Around the same time as the Post series came out, I was conducting interviews with more than 40 women who had served more recently, in the Iraq and Afghanistan wars, and I, too, was hearing stories of rape, sexual assault, and harassment. The abuse was so relentless that it was driving some women out of the military altogether, while leading others to homelessness, alcoholism, drug abuse, and suicide. And my findings were backed up by the statistics being compiled by the military itself and by the Department of Veterans Affairs. The most recent study by the Pentagon’s Sexual Assault Prevention and Response Office, released in 2011, shows that one in three military women report having been sexually assaulted while serving, the majority by comrades. That means about 52 women a day.

In 2007, I published an article in Salon about my findings called, The Private War of Women Soldiers. In it, I quoted women telling me that they were more afraid of their own comrades than of the enemy, that they carried knives to protect themselves from other soldiers, and that they were afraid to go the latrines on their bases at night for fear of rape. I also reported several studies from the Department of Veterans Affairs indicating that women who are raped or harassed while serving can suffer rates of PTSD higher than those of men in combat. That article inspired the 2012 documentary, The Invisible War, which was just nominated for an Oscar. My book, The Lonely Soldier: The Private War of Women Serving in Iraq, came out in 2009, and helped fuel a class action suit against the Pentagon (and against Defense Secretaries Donald Rumsfeld and Robert Gates) on behalf of women and men who were sexually assaulted while serving in the military. In the book, I describe a military culture that blames the victims of sexual assault, while supporting commanders who punish and threaten those who try to report it—thus silencing the majority of victims and burying the issue. (The Department of Defense estimates that some 80-86 percent of victims never report their assaults.)

The film and class action suit, along with a series of sexual assault scandals within the military, resulted in so much press attention—here, here, here, and here, for example—that, at least until Defense Secretary Leon Panetta’s recent move to allow women in ground combat, the public had been hearing more about female soldiers in the context of sexual assault than in almost any other.

And herein lies a problem, for although this attention to the epidemic of sexual abuse is badly needed, it puts female troops in an uncomfortable and, to some, untenable position: they feel as if they are being depicted as victims rather than as warriors—and that is the last thing any soldier wants.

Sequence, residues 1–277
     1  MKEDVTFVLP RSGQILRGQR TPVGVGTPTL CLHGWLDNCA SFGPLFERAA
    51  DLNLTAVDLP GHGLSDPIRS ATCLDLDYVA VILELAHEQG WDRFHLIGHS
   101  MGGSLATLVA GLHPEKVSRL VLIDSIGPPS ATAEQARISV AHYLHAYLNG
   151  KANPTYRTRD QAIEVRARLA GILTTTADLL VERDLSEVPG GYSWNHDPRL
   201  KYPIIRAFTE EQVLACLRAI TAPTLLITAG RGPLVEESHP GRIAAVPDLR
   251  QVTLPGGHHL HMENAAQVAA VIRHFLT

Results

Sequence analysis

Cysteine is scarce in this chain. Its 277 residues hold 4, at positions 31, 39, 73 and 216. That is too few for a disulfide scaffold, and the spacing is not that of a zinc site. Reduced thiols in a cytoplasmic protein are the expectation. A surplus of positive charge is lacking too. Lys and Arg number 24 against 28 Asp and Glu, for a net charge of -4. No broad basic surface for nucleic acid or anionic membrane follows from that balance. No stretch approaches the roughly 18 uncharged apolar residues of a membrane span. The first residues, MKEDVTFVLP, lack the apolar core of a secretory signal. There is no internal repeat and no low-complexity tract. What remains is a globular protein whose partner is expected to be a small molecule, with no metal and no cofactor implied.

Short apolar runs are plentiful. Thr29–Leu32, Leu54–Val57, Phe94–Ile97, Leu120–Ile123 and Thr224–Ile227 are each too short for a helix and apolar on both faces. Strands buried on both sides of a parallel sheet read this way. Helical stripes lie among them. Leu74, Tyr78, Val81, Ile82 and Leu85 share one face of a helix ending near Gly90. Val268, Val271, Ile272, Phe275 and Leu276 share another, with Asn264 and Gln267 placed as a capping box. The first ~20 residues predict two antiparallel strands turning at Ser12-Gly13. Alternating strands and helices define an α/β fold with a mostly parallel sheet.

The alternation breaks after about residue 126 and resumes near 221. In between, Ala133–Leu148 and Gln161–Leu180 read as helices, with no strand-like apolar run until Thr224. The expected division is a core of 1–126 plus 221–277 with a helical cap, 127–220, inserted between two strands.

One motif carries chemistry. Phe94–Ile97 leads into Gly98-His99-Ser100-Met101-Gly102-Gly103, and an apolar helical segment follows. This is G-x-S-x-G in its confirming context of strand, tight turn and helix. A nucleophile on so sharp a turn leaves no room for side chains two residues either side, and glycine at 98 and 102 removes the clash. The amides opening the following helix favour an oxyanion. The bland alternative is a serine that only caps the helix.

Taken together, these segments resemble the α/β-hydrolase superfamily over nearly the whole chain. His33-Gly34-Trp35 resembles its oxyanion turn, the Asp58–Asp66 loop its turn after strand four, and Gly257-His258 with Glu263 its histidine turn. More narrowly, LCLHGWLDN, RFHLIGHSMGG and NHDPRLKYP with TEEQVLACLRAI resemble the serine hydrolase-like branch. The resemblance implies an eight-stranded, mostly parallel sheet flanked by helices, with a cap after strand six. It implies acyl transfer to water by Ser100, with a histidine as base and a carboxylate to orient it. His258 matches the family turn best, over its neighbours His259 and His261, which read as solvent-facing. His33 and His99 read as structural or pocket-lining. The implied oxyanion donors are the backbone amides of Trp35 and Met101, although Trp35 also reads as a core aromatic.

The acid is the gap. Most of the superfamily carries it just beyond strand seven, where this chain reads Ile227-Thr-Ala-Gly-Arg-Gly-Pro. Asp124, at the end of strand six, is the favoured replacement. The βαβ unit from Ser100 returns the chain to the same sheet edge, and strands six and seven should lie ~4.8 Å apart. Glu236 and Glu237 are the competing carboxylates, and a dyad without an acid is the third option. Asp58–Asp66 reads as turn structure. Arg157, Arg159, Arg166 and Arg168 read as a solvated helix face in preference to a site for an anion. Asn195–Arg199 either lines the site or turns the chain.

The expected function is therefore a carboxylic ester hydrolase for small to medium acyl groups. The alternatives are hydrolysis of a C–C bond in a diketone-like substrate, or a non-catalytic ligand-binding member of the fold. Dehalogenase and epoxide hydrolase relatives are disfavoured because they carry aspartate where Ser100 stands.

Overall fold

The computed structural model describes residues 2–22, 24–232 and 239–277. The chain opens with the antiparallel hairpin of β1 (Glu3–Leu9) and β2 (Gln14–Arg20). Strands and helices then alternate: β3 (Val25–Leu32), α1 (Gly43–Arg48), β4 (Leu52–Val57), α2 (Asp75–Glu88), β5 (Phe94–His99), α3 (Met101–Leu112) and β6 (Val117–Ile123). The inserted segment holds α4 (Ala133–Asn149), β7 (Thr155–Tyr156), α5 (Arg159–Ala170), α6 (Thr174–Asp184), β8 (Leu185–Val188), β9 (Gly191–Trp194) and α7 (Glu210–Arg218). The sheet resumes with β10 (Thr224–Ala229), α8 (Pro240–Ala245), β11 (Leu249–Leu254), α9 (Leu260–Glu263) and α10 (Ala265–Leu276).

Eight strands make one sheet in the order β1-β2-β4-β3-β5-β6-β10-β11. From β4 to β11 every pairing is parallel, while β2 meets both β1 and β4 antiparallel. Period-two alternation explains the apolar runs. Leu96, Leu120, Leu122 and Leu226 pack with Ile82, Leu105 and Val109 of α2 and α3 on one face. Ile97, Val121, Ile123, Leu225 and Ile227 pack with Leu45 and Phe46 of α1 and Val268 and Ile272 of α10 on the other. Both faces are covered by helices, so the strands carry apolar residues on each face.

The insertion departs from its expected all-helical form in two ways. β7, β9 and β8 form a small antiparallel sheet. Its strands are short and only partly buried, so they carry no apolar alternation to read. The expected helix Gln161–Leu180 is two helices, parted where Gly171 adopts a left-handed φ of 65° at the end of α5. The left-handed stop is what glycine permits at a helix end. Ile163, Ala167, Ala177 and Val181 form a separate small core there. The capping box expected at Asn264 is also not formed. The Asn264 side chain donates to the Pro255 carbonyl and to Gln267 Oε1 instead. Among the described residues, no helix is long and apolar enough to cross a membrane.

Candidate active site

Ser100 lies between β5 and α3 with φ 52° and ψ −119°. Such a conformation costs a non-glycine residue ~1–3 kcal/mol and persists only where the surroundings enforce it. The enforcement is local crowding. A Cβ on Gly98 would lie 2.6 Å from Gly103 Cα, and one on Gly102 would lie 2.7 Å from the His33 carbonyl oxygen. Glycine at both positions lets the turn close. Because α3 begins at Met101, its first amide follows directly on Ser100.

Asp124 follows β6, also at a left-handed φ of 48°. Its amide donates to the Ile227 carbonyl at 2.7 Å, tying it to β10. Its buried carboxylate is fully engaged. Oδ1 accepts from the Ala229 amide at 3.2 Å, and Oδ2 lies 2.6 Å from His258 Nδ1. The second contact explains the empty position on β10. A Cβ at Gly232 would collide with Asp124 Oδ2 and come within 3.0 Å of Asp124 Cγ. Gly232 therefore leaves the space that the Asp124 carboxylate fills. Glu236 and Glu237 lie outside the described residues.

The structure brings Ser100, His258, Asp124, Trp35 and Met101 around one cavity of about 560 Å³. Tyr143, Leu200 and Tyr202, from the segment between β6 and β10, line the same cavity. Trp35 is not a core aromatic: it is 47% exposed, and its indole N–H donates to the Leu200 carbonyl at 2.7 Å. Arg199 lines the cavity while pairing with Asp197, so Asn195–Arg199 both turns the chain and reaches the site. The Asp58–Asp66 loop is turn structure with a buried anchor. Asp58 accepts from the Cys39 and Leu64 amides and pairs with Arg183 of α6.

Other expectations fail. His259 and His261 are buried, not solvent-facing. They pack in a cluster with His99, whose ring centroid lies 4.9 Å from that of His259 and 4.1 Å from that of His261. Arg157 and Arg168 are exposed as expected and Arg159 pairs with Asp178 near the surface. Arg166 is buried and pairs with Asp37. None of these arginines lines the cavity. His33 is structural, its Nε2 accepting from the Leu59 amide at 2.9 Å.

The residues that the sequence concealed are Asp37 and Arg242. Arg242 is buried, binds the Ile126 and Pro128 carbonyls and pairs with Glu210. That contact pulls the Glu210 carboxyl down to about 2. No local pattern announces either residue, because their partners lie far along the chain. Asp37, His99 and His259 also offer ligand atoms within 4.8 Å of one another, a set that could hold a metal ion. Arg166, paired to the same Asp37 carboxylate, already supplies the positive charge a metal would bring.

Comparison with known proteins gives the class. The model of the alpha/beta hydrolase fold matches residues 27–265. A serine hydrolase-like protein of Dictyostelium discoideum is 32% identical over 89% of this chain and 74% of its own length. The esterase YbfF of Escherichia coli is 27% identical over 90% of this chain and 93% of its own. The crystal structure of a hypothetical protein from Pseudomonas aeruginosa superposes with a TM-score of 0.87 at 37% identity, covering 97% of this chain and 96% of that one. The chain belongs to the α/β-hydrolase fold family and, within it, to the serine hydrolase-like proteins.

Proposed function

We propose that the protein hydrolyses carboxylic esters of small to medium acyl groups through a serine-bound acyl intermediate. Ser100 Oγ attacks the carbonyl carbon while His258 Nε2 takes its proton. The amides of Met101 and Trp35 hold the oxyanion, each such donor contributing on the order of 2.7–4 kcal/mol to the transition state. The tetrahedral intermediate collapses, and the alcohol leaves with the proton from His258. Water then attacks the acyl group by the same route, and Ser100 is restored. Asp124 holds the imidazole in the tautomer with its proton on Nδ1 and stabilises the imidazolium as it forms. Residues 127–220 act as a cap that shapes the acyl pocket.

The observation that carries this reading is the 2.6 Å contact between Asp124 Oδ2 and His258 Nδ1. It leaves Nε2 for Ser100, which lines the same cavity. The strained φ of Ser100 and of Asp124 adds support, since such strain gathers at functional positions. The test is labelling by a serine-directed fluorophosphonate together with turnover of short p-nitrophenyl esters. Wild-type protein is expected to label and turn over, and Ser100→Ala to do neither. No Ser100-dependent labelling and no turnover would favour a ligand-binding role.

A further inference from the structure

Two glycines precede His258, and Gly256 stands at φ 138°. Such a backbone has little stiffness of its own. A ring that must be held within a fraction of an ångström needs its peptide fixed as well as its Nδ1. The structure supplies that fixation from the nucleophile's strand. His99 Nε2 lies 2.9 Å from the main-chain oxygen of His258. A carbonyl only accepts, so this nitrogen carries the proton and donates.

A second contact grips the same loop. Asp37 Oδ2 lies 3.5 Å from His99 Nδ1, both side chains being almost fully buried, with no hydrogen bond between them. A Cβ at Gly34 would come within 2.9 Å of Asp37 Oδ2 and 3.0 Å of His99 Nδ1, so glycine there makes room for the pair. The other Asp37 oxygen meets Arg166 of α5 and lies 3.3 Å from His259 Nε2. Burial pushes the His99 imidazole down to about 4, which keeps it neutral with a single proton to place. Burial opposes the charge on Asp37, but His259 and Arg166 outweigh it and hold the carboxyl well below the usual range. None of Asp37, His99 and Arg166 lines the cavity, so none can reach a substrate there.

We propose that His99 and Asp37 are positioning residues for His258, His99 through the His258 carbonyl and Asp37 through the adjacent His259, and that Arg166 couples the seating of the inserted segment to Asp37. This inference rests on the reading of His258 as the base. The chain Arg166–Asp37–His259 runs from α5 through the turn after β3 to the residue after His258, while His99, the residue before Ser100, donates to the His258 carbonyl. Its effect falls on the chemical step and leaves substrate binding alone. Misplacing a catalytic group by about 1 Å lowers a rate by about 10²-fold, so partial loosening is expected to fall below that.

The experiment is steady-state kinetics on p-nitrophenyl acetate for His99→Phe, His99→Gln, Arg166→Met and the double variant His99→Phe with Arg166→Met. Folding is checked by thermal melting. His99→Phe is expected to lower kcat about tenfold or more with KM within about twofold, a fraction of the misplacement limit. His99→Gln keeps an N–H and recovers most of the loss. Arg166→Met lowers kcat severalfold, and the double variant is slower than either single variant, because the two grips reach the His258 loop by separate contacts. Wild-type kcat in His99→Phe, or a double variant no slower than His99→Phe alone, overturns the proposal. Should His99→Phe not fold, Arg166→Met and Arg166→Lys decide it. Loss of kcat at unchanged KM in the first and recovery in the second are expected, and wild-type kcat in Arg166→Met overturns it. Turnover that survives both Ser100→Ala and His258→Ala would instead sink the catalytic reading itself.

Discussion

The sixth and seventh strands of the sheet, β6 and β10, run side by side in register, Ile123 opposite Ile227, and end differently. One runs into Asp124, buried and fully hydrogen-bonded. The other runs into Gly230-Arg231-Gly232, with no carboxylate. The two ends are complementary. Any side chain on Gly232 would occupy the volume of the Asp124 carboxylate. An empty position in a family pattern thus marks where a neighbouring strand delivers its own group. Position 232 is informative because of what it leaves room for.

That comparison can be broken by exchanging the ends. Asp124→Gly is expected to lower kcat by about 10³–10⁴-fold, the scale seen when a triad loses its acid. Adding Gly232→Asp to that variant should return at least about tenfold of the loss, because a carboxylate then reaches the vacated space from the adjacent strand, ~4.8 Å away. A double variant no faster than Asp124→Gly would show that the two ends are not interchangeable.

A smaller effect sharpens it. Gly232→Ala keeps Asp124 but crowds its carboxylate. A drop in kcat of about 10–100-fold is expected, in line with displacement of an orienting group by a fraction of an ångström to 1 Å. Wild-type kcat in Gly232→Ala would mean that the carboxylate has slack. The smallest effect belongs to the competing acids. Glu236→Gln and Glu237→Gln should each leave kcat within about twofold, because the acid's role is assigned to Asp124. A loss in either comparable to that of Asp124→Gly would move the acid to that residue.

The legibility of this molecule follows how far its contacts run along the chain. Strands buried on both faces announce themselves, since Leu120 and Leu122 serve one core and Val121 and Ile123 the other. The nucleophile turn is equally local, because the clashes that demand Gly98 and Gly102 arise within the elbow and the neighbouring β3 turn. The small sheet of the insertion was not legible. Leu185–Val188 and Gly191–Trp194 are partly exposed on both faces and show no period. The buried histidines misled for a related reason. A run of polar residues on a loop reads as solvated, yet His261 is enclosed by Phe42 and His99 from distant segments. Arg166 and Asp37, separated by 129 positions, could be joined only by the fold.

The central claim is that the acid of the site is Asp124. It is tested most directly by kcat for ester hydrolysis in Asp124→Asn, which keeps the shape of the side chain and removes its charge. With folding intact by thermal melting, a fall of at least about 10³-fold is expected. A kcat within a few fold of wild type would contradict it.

Thus, some of the very women—and men—who braved the oppressive, victim-blaming culture of the military to speak out about sexual assault, even as they knew it could get them ostracized and punished, come to regret having spoken out at all. They want to be seen as proud of their service, as successful soldiers, as brave and tough and uncomplaining, not as helpless and weak.

This puts not only the soldiers themselves in a dilemma, but any journalists trying to expose the abuse. How do we cover wrongdoing when nobody wants to be labeled its victim?

When I speak at conventions for veterans about sexual assault in the military, I am often faced with this conflict. Some survivors thank me for exposing the problem. Others speak out in furious defense of the very platoons and culture that victimized them. Some veterans scream that I am anti-military. Others fight among themselves over whether journalists like me are helping or hurting women, or whether journalists even have a right, as outsiders, to write about the military at all—a reflection of the institution’s insularity. Some simply turn inwards, so torn between being a whistleblower and a proud soldier that they can’t say anything at all.

Kirby Dick and Amy Ziering, the makers of The Invisible War, say they faced a similar dilemma. The veterans in their documentary, all of whom were brutally raped by comrades while serving, only agreed to participate on the condition that the film not come across as anti-military. In short, they wanted to expose the way they had been victimized by military culture without being seen as victims. They wanted to be critical of the military without being seen as anti-military.

How can journalists navigate these dilemmas?

Helen Benedict teaches journalism at Columbia, and is the author of two books about women at war: The Lonely Soldier: The Private War of Women Serving in Iraq, and the novel, Sand Queen. Her writing can be found here.